Leon Mandates Vaccines For County Employees
Leon County government is giving employees until Oct. 1 to get vaccinated and show proof, or be terminated. The move comes amid a surge in new COVID-19 infections.
Leon County is requiring all its employees to get vaccinated or be fired. The county announced the move late Wednesday evening in a statement.
County Administrator Vince Long says he's not concerned about blowback from Gov. Ron DeSantis' office. The governor has resisted vaccine mandates.
The county says its authority to order mandatory vaccinations comes through the U.S. Equal Employment Opportunity Commission, and that the shots qualify as a condition for employment. The county is allowing waivers for employees who can’t get vaccinated due to a medical condition, disability or religious belief.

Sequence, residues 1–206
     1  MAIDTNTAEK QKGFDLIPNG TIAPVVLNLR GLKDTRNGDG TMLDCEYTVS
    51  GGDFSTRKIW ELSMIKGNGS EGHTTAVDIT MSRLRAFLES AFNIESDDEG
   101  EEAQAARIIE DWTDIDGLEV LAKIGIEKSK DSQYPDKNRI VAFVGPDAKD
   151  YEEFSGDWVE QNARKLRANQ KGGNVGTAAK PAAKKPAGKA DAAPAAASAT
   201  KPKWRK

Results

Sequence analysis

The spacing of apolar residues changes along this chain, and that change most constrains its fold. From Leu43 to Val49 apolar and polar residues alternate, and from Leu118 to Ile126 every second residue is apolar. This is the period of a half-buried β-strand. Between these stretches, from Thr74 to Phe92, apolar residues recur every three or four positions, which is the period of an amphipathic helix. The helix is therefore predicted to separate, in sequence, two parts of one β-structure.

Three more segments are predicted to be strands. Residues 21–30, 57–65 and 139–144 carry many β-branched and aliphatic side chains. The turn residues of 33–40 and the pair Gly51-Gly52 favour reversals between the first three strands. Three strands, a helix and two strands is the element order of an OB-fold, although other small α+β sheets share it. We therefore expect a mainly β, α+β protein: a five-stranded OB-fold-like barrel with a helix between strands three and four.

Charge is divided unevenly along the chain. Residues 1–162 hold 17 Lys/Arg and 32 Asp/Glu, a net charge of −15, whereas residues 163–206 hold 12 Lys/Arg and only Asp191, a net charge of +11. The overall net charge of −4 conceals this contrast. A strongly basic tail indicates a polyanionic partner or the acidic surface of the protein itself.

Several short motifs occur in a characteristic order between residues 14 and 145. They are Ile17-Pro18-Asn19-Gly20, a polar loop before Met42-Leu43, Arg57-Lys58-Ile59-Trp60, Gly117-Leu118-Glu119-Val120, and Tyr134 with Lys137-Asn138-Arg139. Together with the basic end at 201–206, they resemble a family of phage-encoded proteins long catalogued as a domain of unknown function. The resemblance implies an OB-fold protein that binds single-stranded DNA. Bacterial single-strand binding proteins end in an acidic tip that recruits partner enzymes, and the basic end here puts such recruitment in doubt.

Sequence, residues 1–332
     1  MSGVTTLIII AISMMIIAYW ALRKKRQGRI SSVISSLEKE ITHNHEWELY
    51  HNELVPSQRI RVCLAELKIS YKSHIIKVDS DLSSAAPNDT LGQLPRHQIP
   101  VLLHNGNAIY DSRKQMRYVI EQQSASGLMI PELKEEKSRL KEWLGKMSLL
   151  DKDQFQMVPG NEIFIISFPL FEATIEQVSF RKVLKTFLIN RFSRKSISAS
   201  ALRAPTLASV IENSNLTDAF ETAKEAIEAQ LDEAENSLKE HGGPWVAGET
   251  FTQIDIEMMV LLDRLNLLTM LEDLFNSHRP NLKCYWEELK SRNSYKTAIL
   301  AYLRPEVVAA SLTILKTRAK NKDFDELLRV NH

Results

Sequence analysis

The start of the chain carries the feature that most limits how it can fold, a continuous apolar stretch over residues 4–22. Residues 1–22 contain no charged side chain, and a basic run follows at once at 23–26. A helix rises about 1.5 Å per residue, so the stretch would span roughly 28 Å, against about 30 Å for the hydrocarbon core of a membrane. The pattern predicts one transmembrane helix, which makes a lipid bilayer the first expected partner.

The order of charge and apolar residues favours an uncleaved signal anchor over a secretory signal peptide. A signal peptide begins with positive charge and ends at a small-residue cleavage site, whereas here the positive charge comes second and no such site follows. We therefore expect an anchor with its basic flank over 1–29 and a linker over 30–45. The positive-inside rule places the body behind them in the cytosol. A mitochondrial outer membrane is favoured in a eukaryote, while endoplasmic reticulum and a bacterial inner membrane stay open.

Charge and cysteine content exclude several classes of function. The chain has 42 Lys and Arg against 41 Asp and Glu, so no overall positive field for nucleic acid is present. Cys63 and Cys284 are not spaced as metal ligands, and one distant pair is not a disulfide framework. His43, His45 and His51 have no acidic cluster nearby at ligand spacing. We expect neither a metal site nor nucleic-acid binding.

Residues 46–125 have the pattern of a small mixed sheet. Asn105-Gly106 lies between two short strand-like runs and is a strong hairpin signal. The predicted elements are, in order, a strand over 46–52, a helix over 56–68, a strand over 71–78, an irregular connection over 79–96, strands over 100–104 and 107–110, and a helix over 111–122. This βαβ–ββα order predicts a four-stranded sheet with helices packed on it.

"It’s my belief the days of donut giveaways and gift cards as an incentive to become vaccinated—those days are over. And I think more and more employers will have to consider what’s right for them. Again, as a frontline governmental agency, this is the decision I believe strongly is the right one for us and our community," Long said in an interview with WFSU.
The move comes as COVID-19 cases in the state have jumped from a weekly low in June of about 10,500 infections, to last week’s high of more than 73,000. The rise in infections is being attributed to the highly contagious Delta Variant which is sickening mostly unvaccinated people.
According to the Florida Department of Health, Leon County’s vaccination rate sits at 51% for people over 12 years old. Long says a similar percentage of county employees have so far been vaccinated.
The City of Tallahassee says it's not considering a similar mandate at this time.